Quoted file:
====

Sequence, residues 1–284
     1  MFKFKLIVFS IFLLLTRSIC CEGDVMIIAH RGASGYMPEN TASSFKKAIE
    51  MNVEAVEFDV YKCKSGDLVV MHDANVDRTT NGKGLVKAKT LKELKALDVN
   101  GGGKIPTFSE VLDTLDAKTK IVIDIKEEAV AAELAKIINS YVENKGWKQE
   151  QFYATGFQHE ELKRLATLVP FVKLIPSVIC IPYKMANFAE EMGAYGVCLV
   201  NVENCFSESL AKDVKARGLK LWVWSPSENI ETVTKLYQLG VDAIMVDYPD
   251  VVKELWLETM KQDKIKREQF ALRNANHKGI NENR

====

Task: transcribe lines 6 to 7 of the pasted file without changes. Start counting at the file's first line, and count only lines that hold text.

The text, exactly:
   201  NVENCFSESL AKDVKARGLK LWVWSPSENI ETVTKLYQLG VDAIMVDYPD
   251  VVKELWLETM KQDKIKREQF ALRNANHKGI NENR